Ballroom dancing must be the western culture’s last bastion of patriarchy. A few months ago Nikki (my wife) and I ticked off our to-do-list by taking up dancing. Like most modern couples, we struggle to find time together. Dance was meant to solve all that: intimacy, music, and romance. But it’s all gone strangely awry. You see, Carol—my female instructor—turned out to be a chauvinist. “Males always lead; the woman’s role is to follow,” she informed. The guy next to me nervously looked at his partner. I snickered. Sexist men of the world, your safe haven is in a dance hall near you! Then again, perhaps another bastion of patriarchy remains …
How about the church? In the eyes of many, Christianity is as patriarchal as it gets, where men dominate and women are subordinate. How backward! How countercultural! “How could it be otherwise?” some wonder, as from the top down, Christianity is a family business: a Heavenly Dad calls the shots, and directs his Son to save the world in the power of some mysterious Spirit! So not only do Christians hold to this bizarre notion of a three-in-one God, but this Trinity appears patriarchal, hierarchical, and monarchical right to the core. No wonder so many feminists have preferred to walk out the door. In the words of one woman, “Christianity is a masculinist religion and irreformable.… The question for many women is whether they can be Christians.”
The church certainly has a lot to answer for when it comes to (mis)treatment of women. But my dance experience has got me wondering if such critiques have made a mis-step when it comes to this Triune God. Watch a novice like me, and you’ll see some ugly leading. Skill is short, and so are cues, so I push and pull and occasionally step on Nik’s feet. But when I watch Carol and her partner, it’s so fluid. There’s rhythm and poise, and I can’t tell where the leading ends and the following begins. “Subordination” is never a word I’d use to describe their dancing. Instead, “grace” comes to mind. Each works to make the other look good; each moves in beat to a higher rhythm. Thinking on the Trinity, then, what word best describes the motions of Father, Son, and Spirit across time? How about an old Greek word, “perichoresis.”
When Basil and his Cappadocian brothers framed the Trinity way back in the fourth century, they chose this word. Meaning? It means to dance around. Perichoresis means that three distinct persons are in such an interpenetrating dance that three become one: echad—to borrow a Hebrew noun—a composite unity, where each blends into the other with no beginning or end. (Think of when the multiple members of your favourite sports team work as one.) Each member moves to glorify the others—to highlight their true beauty and prowess. And what is the higher rhythm of this dance? It’s mutual submission to the beat of love.
Look around. Western culture is fixated on freedom. But we want it without strings attached. I, Me, My, Mine. We seize power, and seek independence—so screw anyone who gets in the way or holds me back. In this mindset, feminists like Betty Friedan have painted any type of submission—such as a female dancer to her lead—as dehumanizing. Women like Carol who dance to these rhythms are not “fully human.”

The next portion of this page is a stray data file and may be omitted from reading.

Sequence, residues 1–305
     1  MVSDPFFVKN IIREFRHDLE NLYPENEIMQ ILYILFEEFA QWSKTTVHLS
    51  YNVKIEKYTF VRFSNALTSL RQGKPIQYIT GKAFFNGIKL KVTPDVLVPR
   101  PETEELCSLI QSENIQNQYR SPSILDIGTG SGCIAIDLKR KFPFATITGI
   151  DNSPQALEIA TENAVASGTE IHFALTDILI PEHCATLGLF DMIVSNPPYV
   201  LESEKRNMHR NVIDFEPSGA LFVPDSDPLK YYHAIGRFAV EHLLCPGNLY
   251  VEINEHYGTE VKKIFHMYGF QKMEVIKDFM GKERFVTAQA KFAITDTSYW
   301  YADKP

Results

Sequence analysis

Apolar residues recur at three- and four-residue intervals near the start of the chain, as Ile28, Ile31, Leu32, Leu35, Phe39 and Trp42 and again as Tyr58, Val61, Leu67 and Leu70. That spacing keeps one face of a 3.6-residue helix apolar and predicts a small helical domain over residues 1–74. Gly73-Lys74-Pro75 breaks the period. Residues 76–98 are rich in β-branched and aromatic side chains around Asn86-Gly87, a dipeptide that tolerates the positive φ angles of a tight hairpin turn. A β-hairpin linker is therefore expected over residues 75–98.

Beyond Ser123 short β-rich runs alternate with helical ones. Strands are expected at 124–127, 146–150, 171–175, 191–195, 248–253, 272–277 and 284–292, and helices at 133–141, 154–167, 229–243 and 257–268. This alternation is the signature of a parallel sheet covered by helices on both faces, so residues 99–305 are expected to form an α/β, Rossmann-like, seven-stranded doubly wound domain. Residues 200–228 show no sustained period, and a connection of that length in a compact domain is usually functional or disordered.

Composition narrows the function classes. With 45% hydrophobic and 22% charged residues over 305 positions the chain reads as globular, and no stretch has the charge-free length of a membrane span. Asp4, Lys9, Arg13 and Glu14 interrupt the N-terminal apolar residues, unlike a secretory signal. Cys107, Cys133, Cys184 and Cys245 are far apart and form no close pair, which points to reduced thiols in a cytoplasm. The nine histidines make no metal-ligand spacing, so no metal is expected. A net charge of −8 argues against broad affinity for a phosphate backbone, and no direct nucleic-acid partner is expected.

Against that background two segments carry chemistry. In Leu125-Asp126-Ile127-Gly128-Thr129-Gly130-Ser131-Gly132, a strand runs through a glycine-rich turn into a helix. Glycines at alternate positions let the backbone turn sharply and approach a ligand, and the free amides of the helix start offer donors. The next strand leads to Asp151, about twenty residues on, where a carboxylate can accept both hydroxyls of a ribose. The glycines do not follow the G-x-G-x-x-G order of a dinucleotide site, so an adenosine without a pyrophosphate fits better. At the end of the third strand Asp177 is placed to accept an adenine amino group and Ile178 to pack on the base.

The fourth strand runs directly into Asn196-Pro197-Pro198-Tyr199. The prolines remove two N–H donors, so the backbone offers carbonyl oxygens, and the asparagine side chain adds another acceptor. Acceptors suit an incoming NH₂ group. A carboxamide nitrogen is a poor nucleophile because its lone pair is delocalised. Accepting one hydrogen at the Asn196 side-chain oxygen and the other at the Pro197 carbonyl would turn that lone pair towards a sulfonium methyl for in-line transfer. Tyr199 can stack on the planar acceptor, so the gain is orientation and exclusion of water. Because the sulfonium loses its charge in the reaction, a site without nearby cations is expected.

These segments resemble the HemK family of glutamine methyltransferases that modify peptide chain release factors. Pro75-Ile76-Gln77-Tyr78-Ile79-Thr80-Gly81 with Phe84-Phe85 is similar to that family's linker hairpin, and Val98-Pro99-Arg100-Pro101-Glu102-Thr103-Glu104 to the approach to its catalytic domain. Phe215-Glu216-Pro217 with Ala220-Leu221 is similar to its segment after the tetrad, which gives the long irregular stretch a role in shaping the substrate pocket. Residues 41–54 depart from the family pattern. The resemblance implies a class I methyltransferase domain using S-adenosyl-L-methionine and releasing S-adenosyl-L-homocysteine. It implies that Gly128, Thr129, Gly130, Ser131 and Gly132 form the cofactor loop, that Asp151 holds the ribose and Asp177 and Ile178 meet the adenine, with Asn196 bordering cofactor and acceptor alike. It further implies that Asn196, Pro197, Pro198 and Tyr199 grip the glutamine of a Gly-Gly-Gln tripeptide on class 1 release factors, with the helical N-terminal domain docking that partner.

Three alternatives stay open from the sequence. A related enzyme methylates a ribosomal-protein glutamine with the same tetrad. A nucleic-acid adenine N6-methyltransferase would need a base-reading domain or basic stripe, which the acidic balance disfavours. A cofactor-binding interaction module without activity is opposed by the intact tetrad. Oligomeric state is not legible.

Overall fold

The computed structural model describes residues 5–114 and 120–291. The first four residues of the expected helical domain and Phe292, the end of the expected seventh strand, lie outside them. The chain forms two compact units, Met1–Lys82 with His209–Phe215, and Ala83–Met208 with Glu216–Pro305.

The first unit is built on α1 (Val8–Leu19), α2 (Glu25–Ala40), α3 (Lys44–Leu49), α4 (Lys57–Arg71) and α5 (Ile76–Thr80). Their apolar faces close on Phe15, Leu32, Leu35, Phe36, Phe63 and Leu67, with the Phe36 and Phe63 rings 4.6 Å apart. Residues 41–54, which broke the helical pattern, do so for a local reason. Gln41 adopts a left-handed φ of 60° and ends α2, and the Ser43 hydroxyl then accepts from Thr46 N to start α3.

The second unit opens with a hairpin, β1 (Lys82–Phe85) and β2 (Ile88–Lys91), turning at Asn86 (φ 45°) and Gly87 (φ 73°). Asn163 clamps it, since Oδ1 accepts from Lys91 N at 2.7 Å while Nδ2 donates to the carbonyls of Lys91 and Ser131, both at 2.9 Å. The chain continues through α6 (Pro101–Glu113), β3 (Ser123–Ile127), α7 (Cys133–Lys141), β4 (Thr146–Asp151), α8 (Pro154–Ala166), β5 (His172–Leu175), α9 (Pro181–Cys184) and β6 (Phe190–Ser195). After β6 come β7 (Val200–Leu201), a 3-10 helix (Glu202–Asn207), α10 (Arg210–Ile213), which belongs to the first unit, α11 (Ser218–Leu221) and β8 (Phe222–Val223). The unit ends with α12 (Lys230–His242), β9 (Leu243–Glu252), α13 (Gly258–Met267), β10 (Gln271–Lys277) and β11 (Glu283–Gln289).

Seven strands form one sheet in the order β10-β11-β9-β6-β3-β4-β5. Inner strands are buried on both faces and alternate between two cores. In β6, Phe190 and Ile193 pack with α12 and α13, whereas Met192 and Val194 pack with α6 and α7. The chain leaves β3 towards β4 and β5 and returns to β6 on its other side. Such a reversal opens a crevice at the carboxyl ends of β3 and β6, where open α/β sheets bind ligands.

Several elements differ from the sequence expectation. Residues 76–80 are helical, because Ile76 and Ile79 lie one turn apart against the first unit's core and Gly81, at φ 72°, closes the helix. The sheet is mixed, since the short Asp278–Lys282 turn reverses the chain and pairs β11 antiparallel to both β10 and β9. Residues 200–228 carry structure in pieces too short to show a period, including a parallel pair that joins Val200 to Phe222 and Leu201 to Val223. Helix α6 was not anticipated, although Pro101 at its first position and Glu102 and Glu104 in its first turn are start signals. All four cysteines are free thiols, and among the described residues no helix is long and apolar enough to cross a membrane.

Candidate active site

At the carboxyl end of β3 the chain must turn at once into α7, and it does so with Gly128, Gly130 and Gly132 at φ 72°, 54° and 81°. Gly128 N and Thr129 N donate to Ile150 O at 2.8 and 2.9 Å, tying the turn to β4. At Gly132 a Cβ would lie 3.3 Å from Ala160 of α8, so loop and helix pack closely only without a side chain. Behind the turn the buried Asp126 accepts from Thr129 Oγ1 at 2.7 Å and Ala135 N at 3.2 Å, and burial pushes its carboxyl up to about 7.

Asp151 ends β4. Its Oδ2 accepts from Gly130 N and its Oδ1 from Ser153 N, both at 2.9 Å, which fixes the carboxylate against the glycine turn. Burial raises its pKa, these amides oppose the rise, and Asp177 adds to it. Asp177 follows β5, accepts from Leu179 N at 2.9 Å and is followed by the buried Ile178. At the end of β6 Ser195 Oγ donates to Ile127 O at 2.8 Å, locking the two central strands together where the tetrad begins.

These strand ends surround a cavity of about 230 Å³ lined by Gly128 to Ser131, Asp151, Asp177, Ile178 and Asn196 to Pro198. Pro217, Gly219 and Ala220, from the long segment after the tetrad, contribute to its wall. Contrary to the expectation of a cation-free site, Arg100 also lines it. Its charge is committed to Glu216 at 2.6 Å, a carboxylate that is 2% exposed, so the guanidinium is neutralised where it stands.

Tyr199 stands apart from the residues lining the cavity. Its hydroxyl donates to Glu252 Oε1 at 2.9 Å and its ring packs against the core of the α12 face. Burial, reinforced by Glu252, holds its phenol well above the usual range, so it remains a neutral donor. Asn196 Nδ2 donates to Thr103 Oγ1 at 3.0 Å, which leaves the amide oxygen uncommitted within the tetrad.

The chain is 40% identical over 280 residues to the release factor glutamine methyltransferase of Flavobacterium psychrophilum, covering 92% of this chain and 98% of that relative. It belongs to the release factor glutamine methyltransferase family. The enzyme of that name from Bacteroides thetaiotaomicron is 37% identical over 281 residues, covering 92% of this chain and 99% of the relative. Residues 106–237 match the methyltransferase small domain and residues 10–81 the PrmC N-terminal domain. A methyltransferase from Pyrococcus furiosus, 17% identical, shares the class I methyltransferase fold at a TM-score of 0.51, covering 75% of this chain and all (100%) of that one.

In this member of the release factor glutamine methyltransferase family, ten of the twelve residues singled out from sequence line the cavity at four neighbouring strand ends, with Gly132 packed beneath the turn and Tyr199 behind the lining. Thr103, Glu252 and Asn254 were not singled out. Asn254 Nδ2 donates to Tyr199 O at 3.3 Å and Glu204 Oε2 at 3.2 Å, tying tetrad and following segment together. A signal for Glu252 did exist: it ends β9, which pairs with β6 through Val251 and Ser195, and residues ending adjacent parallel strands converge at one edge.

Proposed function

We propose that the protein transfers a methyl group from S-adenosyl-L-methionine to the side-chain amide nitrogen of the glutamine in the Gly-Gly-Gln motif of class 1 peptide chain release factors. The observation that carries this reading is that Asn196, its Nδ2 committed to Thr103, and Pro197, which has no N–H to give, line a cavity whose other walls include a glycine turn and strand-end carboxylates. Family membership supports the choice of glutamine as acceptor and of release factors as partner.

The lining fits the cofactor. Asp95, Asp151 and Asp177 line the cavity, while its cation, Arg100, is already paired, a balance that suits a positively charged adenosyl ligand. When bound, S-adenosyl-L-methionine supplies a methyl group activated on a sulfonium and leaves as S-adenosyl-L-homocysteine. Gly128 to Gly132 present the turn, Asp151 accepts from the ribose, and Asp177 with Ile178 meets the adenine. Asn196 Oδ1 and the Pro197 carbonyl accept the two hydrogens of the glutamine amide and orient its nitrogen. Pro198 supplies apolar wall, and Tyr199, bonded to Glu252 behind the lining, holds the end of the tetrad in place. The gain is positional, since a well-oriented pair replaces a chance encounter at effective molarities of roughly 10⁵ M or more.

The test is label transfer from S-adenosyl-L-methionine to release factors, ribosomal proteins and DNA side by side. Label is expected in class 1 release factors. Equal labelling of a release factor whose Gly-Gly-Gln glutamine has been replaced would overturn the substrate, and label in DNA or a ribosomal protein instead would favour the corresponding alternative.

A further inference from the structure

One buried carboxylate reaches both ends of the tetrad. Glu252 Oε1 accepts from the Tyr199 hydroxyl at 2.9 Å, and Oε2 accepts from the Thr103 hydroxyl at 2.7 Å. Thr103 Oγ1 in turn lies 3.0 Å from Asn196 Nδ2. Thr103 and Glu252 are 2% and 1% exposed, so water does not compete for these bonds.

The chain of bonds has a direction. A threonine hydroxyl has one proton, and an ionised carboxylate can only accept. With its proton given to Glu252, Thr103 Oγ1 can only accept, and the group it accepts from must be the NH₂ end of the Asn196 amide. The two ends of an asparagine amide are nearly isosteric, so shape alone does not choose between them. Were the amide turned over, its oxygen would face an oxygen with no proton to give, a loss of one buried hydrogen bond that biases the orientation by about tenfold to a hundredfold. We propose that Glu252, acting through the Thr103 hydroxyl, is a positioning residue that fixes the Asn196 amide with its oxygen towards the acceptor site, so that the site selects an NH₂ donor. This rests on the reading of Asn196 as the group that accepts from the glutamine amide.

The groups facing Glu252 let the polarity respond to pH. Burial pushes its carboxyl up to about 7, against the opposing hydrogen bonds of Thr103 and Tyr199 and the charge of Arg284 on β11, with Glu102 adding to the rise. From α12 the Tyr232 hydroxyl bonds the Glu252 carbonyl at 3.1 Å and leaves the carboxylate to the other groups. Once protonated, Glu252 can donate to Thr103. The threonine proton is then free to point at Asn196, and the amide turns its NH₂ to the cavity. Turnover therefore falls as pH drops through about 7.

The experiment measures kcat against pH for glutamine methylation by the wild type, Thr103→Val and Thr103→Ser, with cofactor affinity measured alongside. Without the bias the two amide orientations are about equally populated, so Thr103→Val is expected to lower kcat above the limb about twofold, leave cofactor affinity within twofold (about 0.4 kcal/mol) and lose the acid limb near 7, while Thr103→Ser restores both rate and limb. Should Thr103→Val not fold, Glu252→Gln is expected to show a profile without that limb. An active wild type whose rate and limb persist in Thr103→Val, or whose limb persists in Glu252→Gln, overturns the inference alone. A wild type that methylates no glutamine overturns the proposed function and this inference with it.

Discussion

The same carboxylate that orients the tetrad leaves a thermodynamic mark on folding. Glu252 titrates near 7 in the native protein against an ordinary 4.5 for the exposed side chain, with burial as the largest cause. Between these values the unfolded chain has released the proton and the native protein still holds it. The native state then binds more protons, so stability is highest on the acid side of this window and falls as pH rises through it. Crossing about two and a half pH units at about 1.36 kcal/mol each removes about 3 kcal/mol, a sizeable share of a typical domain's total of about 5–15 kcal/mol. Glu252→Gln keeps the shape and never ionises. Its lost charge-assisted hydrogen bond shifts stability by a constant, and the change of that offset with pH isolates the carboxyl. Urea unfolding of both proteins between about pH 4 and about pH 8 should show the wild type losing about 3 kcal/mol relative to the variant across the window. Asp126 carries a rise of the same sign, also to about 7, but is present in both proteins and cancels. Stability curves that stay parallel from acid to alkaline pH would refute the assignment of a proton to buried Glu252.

The Trinity, however, suggests another way. It reveals that at the heart of the universe is a relationship. We are built for community. Radical independence only leaves us lonely. But mutual submission—of men to women, and women to men—is the path to life. And far from oppressing, this triune God has suffered on our behalf through Jesus, to throw open this divine dance for all to participate. And this God, who is essentially Spirit, transcends all gendered metaphors, longing to embrace us as a mother does her children. If we are willing, that is.
Freedom always comes in a form. And what is the form in which we are most free? It’s love. To quote Jürgen Moltmann, “God is love. That means God is self-giving. It means he exists for us: on the cross… Through the concept of perichoresis, all subordinationism is avoided… Here the three Persons are equal; they live and are manifested in one another and through one another.”
So, this coming Wednesday you’ll find me back in the dance hall. And this coming Sunday, you’ll find me worshipping this three-in-one God. Why? Because the longer I dance, and the longer I sing, the more convinced I am that God’s dancing around in love is the only foundation for what we all want: a truly humane community of men and women moving together in inter-dependent freedom.
 Daphne Hampson, The Independent, 13th Nov. 1992, cited by Rosie Nixson in Liberating the Gospel for Women, Grove Evangelism Series No. 28 (Bramcote, Nottingham: Grove Books Ltd, 1994), p3.
 Betty Friedan, The Feminine Mystique (New York: Bantam, 1972), 77.
 Jürgen Moltmann, The Trinity and the Kingdom of God, trans. Margaret Kohl (London: SCM), 83, 176.